Allie gasped, her hand flying to her mouth.

“Whoa!” Sasha hooted. “Let me have it!”

 


 

Chapter Three

Sasha Barrow

“Let me have it!” Sasha felt a bolt of excitement when she saw the gun, which had a short shiny barrel and a dark wooden handle. She leaned over to pick it up, but Julian caught her hand.

“No, don’t.”

“I want to hold it.”

“Why?”

“Why not?” Sasha couldn’t believe that Julian was asking her such a stupid question. She couldn’t believe that he was saying no to her, either. He’d been in love with her forever. “Have you ever held a gun?”

“Not before this one.”

“David, have you?” Sasha turned to him.

“Sure. My uncle hunts. He has rifles and a handgun just like this.”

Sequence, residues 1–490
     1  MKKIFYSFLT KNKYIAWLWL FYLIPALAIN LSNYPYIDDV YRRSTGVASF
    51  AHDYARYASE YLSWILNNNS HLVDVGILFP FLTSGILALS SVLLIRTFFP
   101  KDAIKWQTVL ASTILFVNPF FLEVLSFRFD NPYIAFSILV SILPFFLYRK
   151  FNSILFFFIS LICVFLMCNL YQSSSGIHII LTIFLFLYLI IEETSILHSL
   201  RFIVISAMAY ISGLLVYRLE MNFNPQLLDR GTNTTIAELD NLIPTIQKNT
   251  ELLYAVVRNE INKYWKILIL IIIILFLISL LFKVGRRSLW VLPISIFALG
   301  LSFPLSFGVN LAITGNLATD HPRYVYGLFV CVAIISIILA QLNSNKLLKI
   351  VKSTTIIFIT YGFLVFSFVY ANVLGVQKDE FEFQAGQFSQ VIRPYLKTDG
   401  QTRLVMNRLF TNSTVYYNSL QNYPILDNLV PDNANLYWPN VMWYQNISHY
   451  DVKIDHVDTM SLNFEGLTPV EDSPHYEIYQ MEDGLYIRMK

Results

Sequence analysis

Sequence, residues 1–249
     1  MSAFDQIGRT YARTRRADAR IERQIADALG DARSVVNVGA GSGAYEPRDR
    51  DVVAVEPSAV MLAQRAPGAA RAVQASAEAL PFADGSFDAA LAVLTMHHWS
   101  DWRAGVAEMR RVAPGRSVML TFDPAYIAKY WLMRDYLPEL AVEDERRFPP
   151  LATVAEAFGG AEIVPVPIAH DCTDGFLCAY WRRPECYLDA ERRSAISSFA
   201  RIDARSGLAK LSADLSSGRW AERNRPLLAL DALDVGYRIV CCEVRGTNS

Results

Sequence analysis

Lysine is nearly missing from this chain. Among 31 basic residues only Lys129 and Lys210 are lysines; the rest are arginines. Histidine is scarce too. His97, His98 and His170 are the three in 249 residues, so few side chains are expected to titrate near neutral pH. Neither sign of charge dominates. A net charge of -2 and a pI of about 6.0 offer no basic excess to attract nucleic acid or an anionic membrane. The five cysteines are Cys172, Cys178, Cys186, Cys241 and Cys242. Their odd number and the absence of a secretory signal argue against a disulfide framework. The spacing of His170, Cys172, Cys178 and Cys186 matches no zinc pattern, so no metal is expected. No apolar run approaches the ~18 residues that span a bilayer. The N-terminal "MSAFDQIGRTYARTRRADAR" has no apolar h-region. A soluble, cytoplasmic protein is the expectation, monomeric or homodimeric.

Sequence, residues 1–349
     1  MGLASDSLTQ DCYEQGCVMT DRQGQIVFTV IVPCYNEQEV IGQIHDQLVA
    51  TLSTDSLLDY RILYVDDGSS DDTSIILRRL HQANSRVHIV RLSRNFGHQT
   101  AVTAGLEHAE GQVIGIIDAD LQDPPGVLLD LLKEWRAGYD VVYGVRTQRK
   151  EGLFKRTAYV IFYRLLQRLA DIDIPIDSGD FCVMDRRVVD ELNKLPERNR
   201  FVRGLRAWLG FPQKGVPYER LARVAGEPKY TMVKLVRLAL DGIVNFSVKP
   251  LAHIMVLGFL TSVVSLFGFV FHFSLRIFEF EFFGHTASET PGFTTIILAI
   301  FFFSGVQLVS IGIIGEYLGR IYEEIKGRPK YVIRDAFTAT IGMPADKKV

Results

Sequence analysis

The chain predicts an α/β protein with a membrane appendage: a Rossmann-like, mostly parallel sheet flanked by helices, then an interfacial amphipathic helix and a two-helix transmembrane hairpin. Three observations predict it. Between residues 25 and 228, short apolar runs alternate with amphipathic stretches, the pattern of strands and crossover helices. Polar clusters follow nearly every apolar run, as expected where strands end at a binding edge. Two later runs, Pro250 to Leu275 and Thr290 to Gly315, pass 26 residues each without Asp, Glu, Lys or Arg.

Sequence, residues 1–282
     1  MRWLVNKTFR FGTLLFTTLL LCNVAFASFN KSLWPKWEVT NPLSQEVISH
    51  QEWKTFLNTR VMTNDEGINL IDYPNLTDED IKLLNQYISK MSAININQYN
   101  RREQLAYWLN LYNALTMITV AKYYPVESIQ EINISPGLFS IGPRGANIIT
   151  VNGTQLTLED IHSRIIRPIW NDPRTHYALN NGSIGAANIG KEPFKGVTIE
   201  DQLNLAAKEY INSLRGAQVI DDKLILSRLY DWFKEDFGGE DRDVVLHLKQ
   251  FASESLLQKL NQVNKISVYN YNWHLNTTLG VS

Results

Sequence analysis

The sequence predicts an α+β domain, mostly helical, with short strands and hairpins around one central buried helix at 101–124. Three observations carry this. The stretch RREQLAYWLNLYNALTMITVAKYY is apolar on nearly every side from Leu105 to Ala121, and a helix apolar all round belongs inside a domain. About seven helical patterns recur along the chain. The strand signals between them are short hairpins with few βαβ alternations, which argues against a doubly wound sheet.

“What kind of gun is it?”

“A .38 special. A revolver. It’s old.”

“How old?”

“I don’t know. This newspaper is from June 2, 1995.” David held up a crumpled sports page. “Doesn’t mean it was buried that day, but whatever.”

Sasha returned her attention to Julian. “Julian, it’s not yours just because you found it.”

Julian smiled. “Ever hear of finders keepers?”

“How old are you? Twelve?”

Julian’s smile evaporated, and Sasha reminded herself to be nicer. Her father always said you can catch more flies with honey than with vinegar and that her mother should try it sometime. Sasha knew her parents were going to get divorced someday, because her mother was human vinegar.

Sasha forced a smile. “Can I please just hold it?”

“Guys?” Allie raised her hand. “If you found a gun, I think you should take it to the police. I mean, you guys heard about Columbine. You can’t have a gun. It’s zero-tolerance. Just turn it in.”

“Who asked you?” Sasha glared at Allie, who wasn’t even a friend of theirs.